Peripheral, the fourth feature from British SFX maestro turned filmmaker Paul Hyett, is topical. It’s so topical, in fact, that it starts with footage of literal rioting in the streets, the catalyst for fledgling author Bobbi Johnson’s book entitled Bite the Hand. The idea of people taking their frustrations out with batons might have seemed quaint five years ago, but — in the wake of Charlottesville et al — it’s become disturbingly normal.
Hyett’s latest quickly transitions to Bobbi (played by his Heretiks star Hannah Arterton, sister of Gemma) sitting in her grungy flat and trying in vain to make novel #2 happen. In typical, clichéd movie writer fashion, Bobbi uses a typewriter, chainsmokes, necks red wine and has posters of Jack Kerouac and Hunter S. Thompson adorning the walls around her desk. She wishes to emulate the so-called greats, in both prose and a trashy lifestyle.
The peripheral of the title comes in the form of a massive super-computer, gifted to her by pushy publisher Jordan (The Inbetweeners‘ Belinda Stewart-Wilson), which Bobbi is assured will help to make the process run more smoothly. Inevitably, since this is a horror movie, it does exactly the opposite. Soon, her hands are dyed a dull blue-black, her words are being corrupted in front of her face and she’s losing control of her senses.
There’s an awful lot going on in Peripheral, and not all of it works. The story, by Doghouse scribe Dan Schaffer, manages to incorporate drug addiction, stalking, evil tech overlords, a dodgy ex and writer’s block, to name just a few themes. Arterton’s performance as the tortured Bobbi keeps this crazy train on its tracks for the most part, but there are several ham-fisted moments when the film tells (or over-tells) rather than shows.
The stalker element, which involves frequent Hyett collaborator Rosie Day, plays out via sketchy VHS tapes and, somewhat surprisingly, has the best payoff. This might have something to do with Day’s committed to-camera monologues, or the fact that this particular thread feels slightly less insane compared to the evil computer high jinks — but, either way, it lands. A lovely cameo from the always-welcome Tom Conti (“I could kill you with my thumb, you know”) is another nice, normal moment.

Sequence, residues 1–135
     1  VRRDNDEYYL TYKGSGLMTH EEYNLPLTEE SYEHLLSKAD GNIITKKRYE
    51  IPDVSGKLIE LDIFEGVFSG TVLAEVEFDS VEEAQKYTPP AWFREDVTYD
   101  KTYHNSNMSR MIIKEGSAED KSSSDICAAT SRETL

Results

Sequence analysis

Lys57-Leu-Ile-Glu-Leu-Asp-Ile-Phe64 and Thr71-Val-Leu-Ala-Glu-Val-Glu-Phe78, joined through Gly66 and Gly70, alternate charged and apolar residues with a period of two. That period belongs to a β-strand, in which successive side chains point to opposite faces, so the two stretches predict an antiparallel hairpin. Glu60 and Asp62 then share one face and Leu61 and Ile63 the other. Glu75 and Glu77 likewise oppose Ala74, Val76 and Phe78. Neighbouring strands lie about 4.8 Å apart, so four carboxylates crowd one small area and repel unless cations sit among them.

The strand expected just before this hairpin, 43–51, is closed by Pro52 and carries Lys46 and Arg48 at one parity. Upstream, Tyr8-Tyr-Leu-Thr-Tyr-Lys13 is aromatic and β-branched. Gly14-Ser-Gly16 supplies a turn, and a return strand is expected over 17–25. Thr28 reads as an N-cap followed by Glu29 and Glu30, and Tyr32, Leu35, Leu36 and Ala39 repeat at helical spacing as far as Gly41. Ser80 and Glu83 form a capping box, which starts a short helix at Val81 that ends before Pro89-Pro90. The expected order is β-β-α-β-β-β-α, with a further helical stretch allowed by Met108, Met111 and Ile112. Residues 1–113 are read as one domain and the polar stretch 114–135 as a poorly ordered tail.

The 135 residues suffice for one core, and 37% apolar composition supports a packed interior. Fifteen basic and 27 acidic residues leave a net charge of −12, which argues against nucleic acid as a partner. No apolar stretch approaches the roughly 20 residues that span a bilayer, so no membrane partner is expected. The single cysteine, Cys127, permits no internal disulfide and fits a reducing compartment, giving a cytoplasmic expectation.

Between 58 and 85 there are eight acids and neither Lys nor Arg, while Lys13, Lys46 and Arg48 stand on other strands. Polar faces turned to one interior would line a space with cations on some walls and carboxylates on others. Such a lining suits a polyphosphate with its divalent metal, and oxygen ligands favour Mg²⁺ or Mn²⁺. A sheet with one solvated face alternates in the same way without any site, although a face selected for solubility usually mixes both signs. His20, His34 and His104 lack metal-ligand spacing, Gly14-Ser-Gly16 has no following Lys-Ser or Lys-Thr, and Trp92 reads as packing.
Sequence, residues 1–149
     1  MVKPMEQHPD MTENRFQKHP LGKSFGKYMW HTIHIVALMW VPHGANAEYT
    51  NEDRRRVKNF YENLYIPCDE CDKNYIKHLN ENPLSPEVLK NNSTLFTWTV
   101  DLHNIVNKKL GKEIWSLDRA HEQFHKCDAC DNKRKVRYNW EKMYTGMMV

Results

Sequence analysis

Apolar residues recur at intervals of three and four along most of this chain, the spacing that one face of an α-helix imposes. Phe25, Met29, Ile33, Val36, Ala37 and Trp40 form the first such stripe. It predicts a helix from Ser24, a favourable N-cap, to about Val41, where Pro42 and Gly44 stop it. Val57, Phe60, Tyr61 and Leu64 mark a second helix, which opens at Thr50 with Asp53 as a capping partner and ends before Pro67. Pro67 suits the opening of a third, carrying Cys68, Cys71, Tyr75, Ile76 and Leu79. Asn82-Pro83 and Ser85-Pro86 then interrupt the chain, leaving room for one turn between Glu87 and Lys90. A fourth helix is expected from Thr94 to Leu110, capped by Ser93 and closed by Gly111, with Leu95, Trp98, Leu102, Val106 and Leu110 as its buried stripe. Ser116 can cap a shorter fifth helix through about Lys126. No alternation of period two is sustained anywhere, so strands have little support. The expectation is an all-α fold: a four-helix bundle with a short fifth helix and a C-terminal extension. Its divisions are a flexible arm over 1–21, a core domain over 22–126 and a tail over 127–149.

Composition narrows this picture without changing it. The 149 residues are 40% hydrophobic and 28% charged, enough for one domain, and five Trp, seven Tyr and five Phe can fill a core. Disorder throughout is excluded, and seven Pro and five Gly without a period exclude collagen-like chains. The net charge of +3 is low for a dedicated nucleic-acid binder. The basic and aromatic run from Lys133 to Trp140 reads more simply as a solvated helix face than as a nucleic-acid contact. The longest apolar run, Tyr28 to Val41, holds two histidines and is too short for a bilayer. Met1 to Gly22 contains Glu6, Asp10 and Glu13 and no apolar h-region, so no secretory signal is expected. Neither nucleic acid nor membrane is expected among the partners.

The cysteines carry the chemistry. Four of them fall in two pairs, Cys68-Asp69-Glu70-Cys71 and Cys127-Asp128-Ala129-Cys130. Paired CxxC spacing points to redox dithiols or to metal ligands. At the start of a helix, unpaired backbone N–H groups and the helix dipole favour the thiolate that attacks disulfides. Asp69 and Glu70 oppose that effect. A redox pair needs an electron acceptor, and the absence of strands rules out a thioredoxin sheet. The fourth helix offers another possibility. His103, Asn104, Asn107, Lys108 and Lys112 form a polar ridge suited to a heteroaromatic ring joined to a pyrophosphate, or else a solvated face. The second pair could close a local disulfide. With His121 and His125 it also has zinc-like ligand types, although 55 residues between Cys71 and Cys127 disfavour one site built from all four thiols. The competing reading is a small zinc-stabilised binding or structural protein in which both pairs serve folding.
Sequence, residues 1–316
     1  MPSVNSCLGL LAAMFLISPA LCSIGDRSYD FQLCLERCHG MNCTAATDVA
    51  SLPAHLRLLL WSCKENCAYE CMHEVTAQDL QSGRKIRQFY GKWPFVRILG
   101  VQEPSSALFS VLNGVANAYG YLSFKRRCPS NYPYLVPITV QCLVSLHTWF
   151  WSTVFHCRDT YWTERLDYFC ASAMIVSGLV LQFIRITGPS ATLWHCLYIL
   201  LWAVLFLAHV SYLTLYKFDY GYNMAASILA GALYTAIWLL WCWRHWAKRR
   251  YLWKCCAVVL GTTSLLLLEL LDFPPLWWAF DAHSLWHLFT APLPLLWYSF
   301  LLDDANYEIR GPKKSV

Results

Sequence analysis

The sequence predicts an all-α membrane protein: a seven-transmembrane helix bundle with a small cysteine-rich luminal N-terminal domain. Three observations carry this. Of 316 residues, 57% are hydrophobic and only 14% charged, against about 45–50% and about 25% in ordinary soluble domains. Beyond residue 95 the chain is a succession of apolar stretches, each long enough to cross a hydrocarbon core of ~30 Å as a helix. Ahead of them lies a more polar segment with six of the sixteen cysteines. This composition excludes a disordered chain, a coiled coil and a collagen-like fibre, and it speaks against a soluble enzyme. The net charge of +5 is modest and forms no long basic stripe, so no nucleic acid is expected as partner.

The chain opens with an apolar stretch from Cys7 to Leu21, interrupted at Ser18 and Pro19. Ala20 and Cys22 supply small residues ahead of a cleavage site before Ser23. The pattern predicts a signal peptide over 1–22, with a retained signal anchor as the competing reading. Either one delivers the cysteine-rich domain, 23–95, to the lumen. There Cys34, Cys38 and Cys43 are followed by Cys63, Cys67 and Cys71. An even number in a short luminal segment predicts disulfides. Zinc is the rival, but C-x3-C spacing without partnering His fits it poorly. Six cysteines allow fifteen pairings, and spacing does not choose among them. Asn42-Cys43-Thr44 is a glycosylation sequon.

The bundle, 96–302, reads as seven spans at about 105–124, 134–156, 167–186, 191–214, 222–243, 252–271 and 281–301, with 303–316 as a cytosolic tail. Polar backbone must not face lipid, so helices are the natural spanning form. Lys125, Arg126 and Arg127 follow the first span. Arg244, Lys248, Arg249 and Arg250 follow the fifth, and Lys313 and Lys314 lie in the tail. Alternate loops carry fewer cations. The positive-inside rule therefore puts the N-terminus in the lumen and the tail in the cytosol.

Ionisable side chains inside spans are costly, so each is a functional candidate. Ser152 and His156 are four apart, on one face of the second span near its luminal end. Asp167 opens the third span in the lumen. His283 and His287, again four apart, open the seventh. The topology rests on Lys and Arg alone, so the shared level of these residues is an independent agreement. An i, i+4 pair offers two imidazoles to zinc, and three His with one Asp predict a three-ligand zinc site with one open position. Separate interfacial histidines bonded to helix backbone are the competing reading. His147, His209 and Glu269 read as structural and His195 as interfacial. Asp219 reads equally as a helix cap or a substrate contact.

Peripheral comes hot on the heels of Graham Skipper’s clever Sequence Break, which dealt with similar themes on a much smaller scale. Although Hyett’s film boasts some freaky moments of computer-on-human violence, it doesn’t delve into body horror to the same extent, meaning the threat is felt but not always clear. To be fair, the super computer on which Bobbi works is hugely impressive — and real time editing seems like a far less frightening idea than she thinks.
As a protagonist, Bobbi is the typical writer that only exists in movies. She’s desperately protective of her work, almost to a fault (when the film starts, Bobbi is without electricity and heat, for example), and won’t accept much, if any, criticism. She idolizes damaged white men above all else but takes great offense when her lead character’s gender is changed without her consent.
It’s possible that Schaffer is commenting on the stereotypes of being a working writer. The script may even be his method of coming to terms with his own failings, or an honest portrayal of the insane lengths creatives will go to for their work. However, with less gifted collaborators, it’s easy to imaging Peripheral playing like an ode to times gone by, when writers wrote by candlelight and the big, bad publishers weren’t able to exert as much control with sharp dissections.
Still, there’s much to admire in Peripheral, like the claustrophobic, single location setting (Bobbi’s messy flat), the impressive visual FX and Arterton’s strong, utterly vanity-free performance. In Heretiks, she was the confused outsider. Here, her character finds a comfort zone torn asunder in frightening fashion. Peripheral doesn’t always work, but it cannot be faulted for its fearless central performance.
As part of Hyett’s larger filmography, Peripheral impresses less than the werewolf shocker Howl, or Heretiks (THE nun-based horror movie to see this year — forget about The Nun), but its ambitions and scope are still impressive. Even when too much stuff is being thrown at the screen, it’s hard not to admire Peripheral for trying.
Joey Keogh (@JoeyLDG) is a writer from Dublin, Ireland with an unhealthy appetite for horror movies and Judge Judy. In stark contrast with every other Irish person ever, she’s straight edge. Hello to Jason Isaacs.